In addition, the timed actors must fire synchronously with respect to a global clock. The resolution of that global clock is a sufficient number of ticks per system time unit to associate to each tick the set of timed actors that must fire at the corresponding date. For this, we consider the ticks \(0, 1, \ldots , \pi -1\) per system time unit, where \(\pi \) is the least common multiple of all the actor frequencies \(\pi =\mathrm {lcm}(\{ \omega _i | v_i\in V_F\})\). Note that if \(V_F\) is empty, \(\pi =1\), and the global clock does not constrain the firing of any actor.

Given a timed actor \(v_i\in V_F\), there should be \(\omega _i\) out of \(\pi \) ticks associated with that actor’s firings. To reflect the periodic nature of the firing of timed actors, for a timed actor \(v_i\) of period \(p_i=\pi /\omega _i\), it fires every \({p_i}\)-th tick.

As mentioned in Sect. 2, all the timed actors have a phase. We use a phase mapping \(\varphi :V_F \longrightarrow \mathbb {N}\) to map the timed actors to their phase. The first firing of each timed actor \(v_i\in V_F\) occurs at the tick \(\varphi _i := \varphi (v_i)\). The only constraint to respect the expected frequency of the firings is that \(\forall v_i\in V_F\) we have \(0\leqslant \varphi _i < \pi /\omega _i\).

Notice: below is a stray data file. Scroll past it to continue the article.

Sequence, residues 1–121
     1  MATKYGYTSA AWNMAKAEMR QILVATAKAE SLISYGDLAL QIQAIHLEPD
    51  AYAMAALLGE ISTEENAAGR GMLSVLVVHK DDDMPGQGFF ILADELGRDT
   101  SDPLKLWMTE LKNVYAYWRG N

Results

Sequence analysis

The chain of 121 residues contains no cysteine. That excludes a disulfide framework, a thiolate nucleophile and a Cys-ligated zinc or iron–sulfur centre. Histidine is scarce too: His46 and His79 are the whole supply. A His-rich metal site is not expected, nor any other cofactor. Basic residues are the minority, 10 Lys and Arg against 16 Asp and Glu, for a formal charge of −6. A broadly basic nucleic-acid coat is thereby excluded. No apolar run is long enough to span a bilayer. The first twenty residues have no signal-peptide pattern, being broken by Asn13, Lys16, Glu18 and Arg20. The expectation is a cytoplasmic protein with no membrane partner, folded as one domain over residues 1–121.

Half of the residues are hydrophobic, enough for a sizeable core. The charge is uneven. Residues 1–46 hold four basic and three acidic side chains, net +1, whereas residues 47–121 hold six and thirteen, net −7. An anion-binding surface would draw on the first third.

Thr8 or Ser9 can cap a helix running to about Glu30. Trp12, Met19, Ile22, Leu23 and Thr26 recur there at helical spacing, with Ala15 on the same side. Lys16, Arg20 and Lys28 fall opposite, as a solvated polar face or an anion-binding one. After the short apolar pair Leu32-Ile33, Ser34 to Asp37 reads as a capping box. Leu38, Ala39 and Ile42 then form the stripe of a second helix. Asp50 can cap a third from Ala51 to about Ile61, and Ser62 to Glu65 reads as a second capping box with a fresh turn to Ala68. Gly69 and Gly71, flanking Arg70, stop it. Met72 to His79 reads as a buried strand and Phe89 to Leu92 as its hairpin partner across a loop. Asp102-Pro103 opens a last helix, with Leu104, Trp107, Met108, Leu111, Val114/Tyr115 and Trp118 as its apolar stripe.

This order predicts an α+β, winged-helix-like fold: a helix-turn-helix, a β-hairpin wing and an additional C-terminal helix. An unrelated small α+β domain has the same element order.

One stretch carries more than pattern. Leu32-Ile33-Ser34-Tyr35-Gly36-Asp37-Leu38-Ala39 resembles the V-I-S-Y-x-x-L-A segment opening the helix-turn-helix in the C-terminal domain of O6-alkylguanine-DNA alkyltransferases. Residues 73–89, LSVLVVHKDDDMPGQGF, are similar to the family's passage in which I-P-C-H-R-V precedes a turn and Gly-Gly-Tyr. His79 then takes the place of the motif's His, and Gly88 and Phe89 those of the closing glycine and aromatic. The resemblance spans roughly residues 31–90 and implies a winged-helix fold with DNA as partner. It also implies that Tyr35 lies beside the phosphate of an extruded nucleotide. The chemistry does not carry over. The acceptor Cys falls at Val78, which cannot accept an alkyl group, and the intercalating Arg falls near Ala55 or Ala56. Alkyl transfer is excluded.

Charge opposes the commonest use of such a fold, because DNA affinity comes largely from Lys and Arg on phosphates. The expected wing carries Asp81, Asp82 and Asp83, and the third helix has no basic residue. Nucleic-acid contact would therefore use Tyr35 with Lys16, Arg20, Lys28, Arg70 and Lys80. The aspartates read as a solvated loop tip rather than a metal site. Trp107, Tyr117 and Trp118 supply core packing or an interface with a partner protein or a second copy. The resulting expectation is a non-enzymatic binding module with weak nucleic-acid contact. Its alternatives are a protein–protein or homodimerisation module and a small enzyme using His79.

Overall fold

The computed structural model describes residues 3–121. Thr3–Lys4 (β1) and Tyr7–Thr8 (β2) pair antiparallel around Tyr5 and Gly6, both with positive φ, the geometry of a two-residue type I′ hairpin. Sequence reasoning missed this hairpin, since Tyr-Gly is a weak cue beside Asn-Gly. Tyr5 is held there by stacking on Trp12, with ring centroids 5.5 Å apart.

Definition 3

(Global clock, firing ticks). For a system graph G with frequency mapping \(\omega \), resolution \(\pi \), and phase mapping \(\varphi \), the global clock is a set \(\mathrm {T}=\{0,1,\ldots ,\pi -1\}\) and for each timed actor \(v_i \in V_F\) there is a subset of firing ticks \(\mathrm {T}_i=\{\tau \in \mathrm {T}\,|\,\tau \equiv \varphi _i\,(\mathrm {mod}~\pi /\omega _i)\}\).

Polygraphs. We now define the notion of polygraph which introduces a basic communication topology, a topology matrix, a frequency and phase mapping for all timed actors, and an initial marking of the graph.

Definition 4

(Polygraph, initial marking). A polygraph is a tuple \(\mathcal{P}=\langle G, \mathbf {\Gamma }, \omega , \varphi , \mathbf {m} \rangle \) where G is a system graph, \(\mathbf {\Gamma }\) is a topology matrix, \(\omega \) is a frequency mapping, \(\varphi \) is a phase mapping and \(\mathbf {m}\in C\) is an initial marking such that \(\forall e_i\in E\) we have \(m_i\geqslant 0\).

In the following, we consider that a polygraph \(\mathcal{P}=\langle G,\mathbf {\Gamma }, \omega , \varphi , \mathbf {m} \rangle \) is given, with its global clock \(\mathrm {T}\) and sets of firing ticks \(\mathrm {T}_i\) for all the timed actors \(v_i \in V_F\).

States and transitions. The state of a polygraph is composed of a channel state, the current tick of the global clock, and a vector with one row per actor used to track the number of firings of the timed actors since the last change in the current tick. This tracking vector is used to check that the timed actors respect their synchronous firing constraints.